Threads of Time: Tradition and Change in Indigenous American Textiles

Feather Fan

Feather Fan-Cross Section.jpg


Feather Fan


Feathers from the Amazonian rainforest were prized above all else, and must be included in the idea of qumpi, precious fiberwork. Bringing them over the mountains to the coast, where such fans as this one were preserved, also invokes another key Quechua concept, tinku, or the bringing together of disparate parts to create new wholes. The braids are made from Furcraea andina, a succulent resembling agave but with drooping, greenish leaves; its tough strands can be peeled off in strips, dried, and woven or braided. The braids were stitched across to create the fan’s handle using local coastal cotton thread. Thus, three distinct eco-zones combine to form this useful yet aesthetic fan.

Because modern Amazonian peoples continue to make all kinds of feather objects, there can be confusion between modern and well-preserved ancient ones. Carbon-14 testing assigned a date of ca. 1300 AD to a sample of the plant fiber, indicating that it was indeed created during the later Chimú Empire.       

Geographic Area

South America, Central Andes




Late Intermediate Period, calibrated Carbon-14 date 1282-1384 AD


Cotton, plant fiber (furcraea andina), feathers

Credit Line

Gift of Katherine Kelly

Accession Number


Photo Credit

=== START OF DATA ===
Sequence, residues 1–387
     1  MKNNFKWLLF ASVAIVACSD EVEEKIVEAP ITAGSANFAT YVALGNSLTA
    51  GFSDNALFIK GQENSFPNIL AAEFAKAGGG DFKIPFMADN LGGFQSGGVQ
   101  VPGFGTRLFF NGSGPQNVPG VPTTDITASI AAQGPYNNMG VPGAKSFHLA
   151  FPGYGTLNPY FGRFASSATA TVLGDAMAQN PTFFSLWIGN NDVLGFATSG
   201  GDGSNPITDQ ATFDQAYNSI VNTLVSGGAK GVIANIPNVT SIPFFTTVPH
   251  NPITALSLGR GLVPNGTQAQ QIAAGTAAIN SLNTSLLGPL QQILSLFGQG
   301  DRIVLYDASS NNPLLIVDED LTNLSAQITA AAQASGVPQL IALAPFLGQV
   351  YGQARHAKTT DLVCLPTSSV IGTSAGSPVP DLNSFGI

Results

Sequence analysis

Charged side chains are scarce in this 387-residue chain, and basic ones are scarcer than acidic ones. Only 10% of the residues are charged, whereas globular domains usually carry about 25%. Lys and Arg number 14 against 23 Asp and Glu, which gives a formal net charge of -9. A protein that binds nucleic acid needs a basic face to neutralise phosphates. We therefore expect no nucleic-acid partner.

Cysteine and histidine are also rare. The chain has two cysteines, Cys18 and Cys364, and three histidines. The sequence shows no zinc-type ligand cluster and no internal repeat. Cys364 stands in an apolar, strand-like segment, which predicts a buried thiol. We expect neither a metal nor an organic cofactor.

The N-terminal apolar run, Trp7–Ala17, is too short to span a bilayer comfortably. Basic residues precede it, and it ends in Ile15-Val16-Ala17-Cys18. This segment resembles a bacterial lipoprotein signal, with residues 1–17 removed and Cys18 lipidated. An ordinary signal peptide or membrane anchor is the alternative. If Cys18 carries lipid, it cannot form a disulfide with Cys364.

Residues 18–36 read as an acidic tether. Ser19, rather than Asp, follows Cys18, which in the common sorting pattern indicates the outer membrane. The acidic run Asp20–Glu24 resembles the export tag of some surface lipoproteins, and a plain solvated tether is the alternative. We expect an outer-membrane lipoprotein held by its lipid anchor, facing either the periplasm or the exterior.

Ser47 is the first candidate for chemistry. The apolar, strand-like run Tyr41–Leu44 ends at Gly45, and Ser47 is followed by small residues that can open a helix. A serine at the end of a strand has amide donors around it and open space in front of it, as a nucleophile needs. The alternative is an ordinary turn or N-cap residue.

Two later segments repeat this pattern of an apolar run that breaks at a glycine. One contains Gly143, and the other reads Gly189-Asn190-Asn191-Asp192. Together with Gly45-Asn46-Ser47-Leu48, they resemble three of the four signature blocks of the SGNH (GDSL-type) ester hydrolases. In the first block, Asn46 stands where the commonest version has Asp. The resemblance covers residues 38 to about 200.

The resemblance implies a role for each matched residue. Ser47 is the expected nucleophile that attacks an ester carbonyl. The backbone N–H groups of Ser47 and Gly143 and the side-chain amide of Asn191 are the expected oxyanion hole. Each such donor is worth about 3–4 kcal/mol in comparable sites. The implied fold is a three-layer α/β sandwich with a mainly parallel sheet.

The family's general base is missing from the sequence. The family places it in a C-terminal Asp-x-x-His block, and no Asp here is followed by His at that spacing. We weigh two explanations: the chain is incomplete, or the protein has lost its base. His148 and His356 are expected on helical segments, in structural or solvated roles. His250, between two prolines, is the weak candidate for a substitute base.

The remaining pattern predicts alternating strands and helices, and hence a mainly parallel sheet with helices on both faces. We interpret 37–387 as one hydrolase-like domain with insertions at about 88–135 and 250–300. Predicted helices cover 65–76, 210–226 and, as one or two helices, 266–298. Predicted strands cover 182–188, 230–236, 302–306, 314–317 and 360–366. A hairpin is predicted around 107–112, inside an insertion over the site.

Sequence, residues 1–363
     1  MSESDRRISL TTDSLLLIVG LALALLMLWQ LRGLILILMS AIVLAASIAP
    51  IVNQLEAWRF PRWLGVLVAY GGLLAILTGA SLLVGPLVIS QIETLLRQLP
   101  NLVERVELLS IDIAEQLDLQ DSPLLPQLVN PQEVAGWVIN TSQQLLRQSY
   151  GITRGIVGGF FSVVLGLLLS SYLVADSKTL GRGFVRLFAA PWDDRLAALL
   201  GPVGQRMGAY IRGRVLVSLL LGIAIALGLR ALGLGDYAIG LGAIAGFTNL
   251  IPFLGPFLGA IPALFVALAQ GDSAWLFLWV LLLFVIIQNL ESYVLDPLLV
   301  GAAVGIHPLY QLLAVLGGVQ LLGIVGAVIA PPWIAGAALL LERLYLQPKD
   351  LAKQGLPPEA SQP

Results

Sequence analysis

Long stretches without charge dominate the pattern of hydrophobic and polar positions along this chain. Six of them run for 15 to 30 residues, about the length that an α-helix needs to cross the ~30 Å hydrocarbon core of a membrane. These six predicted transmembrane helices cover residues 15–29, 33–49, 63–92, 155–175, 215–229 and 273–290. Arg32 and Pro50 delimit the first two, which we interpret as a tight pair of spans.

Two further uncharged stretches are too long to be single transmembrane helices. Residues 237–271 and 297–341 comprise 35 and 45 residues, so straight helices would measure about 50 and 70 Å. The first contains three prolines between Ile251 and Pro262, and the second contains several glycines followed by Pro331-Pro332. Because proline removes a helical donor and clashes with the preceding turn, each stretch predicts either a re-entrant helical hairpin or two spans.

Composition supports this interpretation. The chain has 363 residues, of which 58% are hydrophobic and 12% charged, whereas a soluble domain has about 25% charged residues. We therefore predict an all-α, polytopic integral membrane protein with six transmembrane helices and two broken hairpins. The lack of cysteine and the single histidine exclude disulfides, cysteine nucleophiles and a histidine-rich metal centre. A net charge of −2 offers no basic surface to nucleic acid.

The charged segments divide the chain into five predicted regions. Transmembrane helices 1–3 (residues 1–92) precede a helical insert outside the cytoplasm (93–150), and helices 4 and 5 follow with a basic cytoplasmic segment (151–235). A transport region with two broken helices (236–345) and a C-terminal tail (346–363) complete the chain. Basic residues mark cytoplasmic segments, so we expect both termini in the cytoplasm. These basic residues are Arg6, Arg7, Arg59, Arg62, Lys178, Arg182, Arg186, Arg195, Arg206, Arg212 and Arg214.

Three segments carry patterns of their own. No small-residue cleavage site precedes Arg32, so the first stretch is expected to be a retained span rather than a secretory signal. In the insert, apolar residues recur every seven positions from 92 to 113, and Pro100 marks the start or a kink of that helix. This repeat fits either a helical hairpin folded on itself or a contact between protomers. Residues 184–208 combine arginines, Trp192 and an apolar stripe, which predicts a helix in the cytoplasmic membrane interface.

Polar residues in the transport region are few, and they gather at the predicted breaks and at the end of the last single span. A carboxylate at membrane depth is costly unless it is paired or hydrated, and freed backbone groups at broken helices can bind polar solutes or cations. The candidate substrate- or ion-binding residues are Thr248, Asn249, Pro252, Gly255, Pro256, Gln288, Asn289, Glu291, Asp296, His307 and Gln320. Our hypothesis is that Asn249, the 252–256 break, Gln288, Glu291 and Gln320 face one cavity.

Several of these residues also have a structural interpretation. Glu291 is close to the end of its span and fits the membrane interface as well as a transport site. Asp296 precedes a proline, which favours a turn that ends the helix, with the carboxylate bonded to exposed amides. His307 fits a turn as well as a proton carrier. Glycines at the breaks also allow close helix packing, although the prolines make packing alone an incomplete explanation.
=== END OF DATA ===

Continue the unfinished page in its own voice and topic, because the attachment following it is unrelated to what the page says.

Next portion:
Photo by Bruce M. White, 2016

Technical Notes

The feathers in this fan are tied with braided and twisted cord made of plant fiber. Conservator Ashley Jehle examined small transverse and cross-section samples of the plant fibers under transmitted light using a polarizing light microscope. These samples were compared with a known sample of Furcraea andina. The overall kidney-bean shape of the cross-section as well as the shape and arrangement of the vascular bundles suggests identification as Furcraea andina or a similar succulent species. Although slightly richer in color, the plant fibers from the feather fan appear similar to the thin, round, glossy fibers of the single khipu strand, also identified as Furcraea andina. Jehle sent approximately 0.01g of plant fiber from the feather fan to The Center for Applied Isotope Studies at the University of Georgia, Athens for radiocarbon (C-14) analysis by accelerator mass spectrometry (AMS) and stable isotope ratio analysis. Dr. Alexander Cherkinsky reported the calibrated age between 1282-1384 CE. 

For more conservation information, please see The Threads of Time Conservation Project.

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